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Undoing the development army : a paradigm shift from transfer of technology to agricultural innovation system in Ethiopian extension

Authors
  • Gebremariam, Yemane Asmelash
  • Dessein, Joost
  • Wondimagegnhu, Beneberu Assefa
  • Breusers, Mark
  • Lenaerts, Lutgart
  • Adgo, Enyew
  • Van Passel, Steven
  • Minale, Amare Sewnet
  • Nyssen, Jan
Publication Date
Jan 01, 2024
Source
Ghent University Institutional Archive
Keywords
Language
English
License
Unknown
External links

Abstract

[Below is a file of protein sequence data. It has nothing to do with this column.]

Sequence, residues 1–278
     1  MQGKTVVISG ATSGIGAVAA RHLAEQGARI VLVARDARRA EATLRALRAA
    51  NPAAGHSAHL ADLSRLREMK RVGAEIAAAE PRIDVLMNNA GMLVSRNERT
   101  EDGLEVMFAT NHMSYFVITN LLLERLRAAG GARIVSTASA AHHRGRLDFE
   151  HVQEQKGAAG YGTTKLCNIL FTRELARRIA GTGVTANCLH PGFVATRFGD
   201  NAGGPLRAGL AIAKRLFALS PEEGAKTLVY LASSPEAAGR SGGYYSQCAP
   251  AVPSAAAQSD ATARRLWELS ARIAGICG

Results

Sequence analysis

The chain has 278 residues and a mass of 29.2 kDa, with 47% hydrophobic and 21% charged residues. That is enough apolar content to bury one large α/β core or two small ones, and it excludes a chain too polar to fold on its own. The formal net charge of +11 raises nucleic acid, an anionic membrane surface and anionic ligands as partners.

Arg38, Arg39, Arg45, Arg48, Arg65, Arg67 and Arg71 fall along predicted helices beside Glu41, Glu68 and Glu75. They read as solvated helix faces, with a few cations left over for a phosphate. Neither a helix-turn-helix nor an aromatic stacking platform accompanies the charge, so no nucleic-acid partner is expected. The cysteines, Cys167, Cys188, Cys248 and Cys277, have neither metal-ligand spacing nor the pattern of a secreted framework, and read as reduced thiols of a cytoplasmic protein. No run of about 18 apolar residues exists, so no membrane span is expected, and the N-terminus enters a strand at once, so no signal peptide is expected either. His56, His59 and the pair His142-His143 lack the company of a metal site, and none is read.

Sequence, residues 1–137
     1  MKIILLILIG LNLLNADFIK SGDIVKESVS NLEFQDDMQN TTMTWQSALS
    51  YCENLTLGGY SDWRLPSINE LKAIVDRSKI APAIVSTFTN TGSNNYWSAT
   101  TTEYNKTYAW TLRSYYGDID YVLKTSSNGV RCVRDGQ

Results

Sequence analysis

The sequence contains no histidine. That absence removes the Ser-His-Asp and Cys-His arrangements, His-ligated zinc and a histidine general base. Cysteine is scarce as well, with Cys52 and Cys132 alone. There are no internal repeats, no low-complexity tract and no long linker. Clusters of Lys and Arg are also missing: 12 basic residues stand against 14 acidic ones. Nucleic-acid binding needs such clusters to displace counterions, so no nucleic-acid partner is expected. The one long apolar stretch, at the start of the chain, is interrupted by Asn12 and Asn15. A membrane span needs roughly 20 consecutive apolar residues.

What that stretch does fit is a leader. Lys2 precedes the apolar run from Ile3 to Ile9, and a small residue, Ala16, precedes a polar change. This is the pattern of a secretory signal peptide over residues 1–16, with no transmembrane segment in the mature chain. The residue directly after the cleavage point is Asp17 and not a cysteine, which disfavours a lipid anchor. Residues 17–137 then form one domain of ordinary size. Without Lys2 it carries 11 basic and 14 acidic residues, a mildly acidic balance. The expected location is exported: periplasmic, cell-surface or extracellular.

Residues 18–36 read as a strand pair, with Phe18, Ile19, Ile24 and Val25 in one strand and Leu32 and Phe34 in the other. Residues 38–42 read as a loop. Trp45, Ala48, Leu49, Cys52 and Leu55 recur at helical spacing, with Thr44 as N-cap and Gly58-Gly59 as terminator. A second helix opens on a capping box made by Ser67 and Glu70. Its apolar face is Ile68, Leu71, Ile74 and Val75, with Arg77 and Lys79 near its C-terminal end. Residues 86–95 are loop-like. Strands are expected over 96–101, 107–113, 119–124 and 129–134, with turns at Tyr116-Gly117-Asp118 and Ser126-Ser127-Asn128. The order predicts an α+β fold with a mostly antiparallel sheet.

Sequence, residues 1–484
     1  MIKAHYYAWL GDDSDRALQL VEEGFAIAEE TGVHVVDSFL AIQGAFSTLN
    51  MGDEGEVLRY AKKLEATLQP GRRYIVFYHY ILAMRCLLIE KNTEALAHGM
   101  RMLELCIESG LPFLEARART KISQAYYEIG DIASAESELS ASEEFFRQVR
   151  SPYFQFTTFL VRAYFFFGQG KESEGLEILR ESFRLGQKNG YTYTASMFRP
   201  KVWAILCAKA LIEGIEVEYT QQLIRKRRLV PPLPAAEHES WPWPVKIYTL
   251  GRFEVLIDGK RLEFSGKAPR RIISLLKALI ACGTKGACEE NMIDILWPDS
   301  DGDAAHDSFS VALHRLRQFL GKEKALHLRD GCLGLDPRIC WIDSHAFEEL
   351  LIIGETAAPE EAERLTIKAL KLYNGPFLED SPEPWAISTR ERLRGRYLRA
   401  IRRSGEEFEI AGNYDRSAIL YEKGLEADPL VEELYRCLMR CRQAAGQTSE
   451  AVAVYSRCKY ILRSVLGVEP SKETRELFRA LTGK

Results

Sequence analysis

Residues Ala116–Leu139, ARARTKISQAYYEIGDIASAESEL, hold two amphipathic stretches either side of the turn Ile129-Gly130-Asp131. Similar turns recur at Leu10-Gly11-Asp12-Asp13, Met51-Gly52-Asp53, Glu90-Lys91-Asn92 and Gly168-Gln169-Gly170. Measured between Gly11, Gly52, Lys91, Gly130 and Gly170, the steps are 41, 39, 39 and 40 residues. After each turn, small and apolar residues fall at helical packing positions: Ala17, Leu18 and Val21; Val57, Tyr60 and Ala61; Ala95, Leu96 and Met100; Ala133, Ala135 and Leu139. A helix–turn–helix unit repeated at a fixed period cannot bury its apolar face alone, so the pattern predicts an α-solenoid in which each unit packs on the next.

Appropriate use of agricultural technologies and diversifying the farming activities is critical to addressing food security problems in Africa, including Ethiopia. The country is experimenting with the new Agricultural Innovation System (AIS) approach alongside the well-established Transfer of Technology (ToT) approach. This paper analyzes the gaps between policy discourses (as reflected in policy documents and strategic orientation documents) and extension practices (as reflected in the daily exchanges between farmers and the frontline staff of the Ethiopian extension system). It provides insights into the challenges faced and emphasizes the need for better coordination between policy formulation and implementation to enhance extension services. Policymakers, practitioners, and researchers can benefit from the valuable perspectives the findings offer. The study contributes to understanding the relationship between policy discourses and extension practices, and its implications can inform policy design and implementation in similar contexts. A qualitative research approach was deployed to analyze policy discourse and practice. Data were collected in Fogera, a district in Northwest Ethiopia, between August 2018 and February 2019. The data for the paper were obtained from 23 Focus Group Discussions conducted with men and women. 13 Informant Interviews (KIIs) were also carried out with personnel at different levels of government agricultural services and departments. Transcripts of recordings of the Focus Group Discussions (FGDs) and Key Informant Interviews (KIIs) were analyzed using a deductive approach. The study focuses on rice crops in the Fogera district, which are crucial for food security and reducing poverty. Although the geographic area is limited, the results can be used to improve the extension system in other areas facing similar challenges. Specifically, the study suggests switching from the traditional transfer of technology approach to the agricultural innovation system approach. Furthermore, the study's techniques, such as qualitative interviews, may have limitations and not fully capture the intricacies of policy and extension practices. The findings demonstrate that, although the policy documents strongly adhere to agricultural innovation system principles, top-down transfer of technology approaches continues to dominate in practice. Moreover, we have found potential discrepancies between the training content delivered and the specific needs of smallholder farmers. Practically, prescriptive systems are still used because agricultural innovation system approaches are not well understood by the Extension Agents. To realize a genuine agricultural innovation system, Ethiopia's extension apparatus should move forward with building committed and robust relationships between farmers, extension agents, researchers, private sectors, and non-governmental organizations. To this end, more research, enhanced training, and improved institutions are needed on what genuine agricultural innovation system could look like at the grass-roots level. This also includes understanding the roles that different actors within Ethiopia's development army should assume how a multi-actor policy dialogue can be organized.

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